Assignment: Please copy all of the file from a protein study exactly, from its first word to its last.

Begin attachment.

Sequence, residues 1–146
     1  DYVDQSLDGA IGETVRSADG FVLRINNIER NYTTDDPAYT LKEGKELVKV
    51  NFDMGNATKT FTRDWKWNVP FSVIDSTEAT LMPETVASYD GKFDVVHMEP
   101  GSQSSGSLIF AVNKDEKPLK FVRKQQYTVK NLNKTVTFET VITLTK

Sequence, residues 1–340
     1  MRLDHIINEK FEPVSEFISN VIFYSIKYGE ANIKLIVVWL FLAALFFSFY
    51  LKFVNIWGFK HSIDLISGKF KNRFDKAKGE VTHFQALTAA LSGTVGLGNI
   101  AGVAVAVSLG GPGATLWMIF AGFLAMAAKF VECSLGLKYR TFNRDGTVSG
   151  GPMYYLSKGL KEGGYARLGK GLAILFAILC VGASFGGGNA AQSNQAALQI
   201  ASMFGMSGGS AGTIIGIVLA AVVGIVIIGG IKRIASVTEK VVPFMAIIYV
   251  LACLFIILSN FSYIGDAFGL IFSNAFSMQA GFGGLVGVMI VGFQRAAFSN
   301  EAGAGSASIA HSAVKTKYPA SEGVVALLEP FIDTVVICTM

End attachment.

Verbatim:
Sequence, residues 1–146
     1  DYVDQSLDGA IGETVRSADG FVLRINNIER NYTTDDPAYT LKEGKELVKV
    51  NFDMGNATKT FTRDWKWNVP FSVIDSTEAT LMPETVASYD GKFDVVHMEP
   101  GSQSSGSLIF AVNKDEKPLK FVRKQQYTVK NLNKTVTFET VITLTK

Sequence, residues 1–340
     1  MRLDHIINEK FEPVSEFISN VIFYSIKYGE ANIKLIVVWL FLAALFFSFY
    51  LKFVNIWGFK HSIDLISGKF KNRFDKAKGE VTHFQALTAA LSGTVGLGNI
   101  AGVAVAVSLG GPGATLWMIF AGFLAMAAKF VECSLGLKYR TFNRDGTVSG
   151  GPMYYLSKGL KEGGYARLGK GLAILFAILC VGASFGGGNA AQSNQAALQI
   201  ASMFGMSGGS AGTIIGIVLA AVVGIVIIGG IKRIASVTEK VVPFMAIIYV
   251  LACLFIILSN FSYIGDAFGL IFSNAFSMQA GFGGLVGVMI VGFQRAAFSN
   301  EAGAGSASIA HSAVKTKYPA SEGVVALLEP FIDTVVICTM